Repeated chats have a number of benefits for a baby’s development. The more of these conversations that tamariki have, the better their language development is likely to be. Having their needs and interests responded to is one of the ingredients for a healthy attachment with their parents. And healthy attachment is very positive for many aspects of health and wellbeing.

Talking about feelings

The content of what parents and tamariki talk about is important too. Using words to describe emotions is an important part of developing the ability to handle all their feelings, which is often called ‘emotional regulation’. As children get older, if their parents talk often about people’s feelings and about the morals of their behaviour, they are more likely to take on their parents’ moral rules and recognise when they’ve done something wrong.13

A child’s ability to recognise, understand and handle a range of feelings is important. It’s a central part of managing their behaviour and getting on with others.14 Knowing and understanding their own feelings, and those of others, is linked to a number of positive outcomes, including fewer behaviour problems.15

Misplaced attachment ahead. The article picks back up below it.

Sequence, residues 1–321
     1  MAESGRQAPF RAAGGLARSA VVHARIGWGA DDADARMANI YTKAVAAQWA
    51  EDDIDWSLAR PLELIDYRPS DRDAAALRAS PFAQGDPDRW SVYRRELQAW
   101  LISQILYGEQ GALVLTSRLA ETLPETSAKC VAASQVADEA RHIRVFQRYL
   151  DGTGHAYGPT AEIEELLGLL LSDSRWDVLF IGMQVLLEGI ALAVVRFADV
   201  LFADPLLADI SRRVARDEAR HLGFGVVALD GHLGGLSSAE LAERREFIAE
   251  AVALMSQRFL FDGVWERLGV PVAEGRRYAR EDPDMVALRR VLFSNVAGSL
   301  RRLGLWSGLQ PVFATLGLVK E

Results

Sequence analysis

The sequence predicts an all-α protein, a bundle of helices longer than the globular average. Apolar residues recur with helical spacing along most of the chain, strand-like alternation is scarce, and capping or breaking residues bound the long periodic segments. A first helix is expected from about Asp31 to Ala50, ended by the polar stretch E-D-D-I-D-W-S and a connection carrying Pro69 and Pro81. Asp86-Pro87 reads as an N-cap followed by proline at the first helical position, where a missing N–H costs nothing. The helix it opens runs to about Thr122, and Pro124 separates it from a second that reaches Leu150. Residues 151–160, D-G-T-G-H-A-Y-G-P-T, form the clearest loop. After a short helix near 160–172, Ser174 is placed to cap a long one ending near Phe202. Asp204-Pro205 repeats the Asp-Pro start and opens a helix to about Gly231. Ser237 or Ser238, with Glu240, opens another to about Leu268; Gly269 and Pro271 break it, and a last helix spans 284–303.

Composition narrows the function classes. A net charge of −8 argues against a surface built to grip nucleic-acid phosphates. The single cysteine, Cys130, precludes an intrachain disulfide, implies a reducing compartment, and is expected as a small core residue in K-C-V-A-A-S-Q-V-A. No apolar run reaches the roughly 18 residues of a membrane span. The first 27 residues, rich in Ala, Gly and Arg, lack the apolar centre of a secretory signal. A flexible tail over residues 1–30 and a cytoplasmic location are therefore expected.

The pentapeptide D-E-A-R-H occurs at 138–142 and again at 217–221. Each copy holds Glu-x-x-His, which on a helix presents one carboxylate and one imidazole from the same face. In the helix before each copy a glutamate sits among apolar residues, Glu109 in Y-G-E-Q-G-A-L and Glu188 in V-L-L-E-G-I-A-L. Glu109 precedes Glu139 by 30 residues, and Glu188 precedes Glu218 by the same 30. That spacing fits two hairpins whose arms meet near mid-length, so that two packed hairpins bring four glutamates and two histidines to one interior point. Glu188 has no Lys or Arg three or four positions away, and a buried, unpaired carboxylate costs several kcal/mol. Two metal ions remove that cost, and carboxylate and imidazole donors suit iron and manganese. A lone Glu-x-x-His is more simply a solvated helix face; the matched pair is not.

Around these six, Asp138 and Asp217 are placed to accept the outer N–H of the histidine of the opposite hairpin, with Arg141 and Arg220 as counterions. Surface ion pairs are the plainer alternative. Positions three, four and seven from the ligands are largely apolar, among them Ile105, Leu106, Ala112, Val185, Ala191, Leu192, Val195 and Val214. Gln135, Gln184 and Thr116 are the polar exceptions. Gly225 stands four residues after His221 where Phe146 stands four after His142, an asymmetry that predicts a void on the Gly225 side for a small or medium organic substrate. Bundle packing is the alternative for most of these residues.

Like other things pēpi and tamariki are learning, emotional understanding takes a while and happens in the context of their most important relationships. While it will take many years to fully develop, it starts at the very beginning. One of the things parents can do to help is to accept their child’s full range of emotions and use words to describe how their pēpi or tamaiti is feeling. One study found that mothers who correctly talked about their baby’s emotions were more likely to have babies with a secure attachment.16 Talking about their feelings helps tamariki in several ways. It helps children feel understood, it gives them words they can use about their feelings in the future, and the sense of being understood means they will probably calm more quickly too.

On the other hand, the well-intentioned tendency to tell an upset child,” You’re OK”, when they clearly aren’t, is a missed opportunity.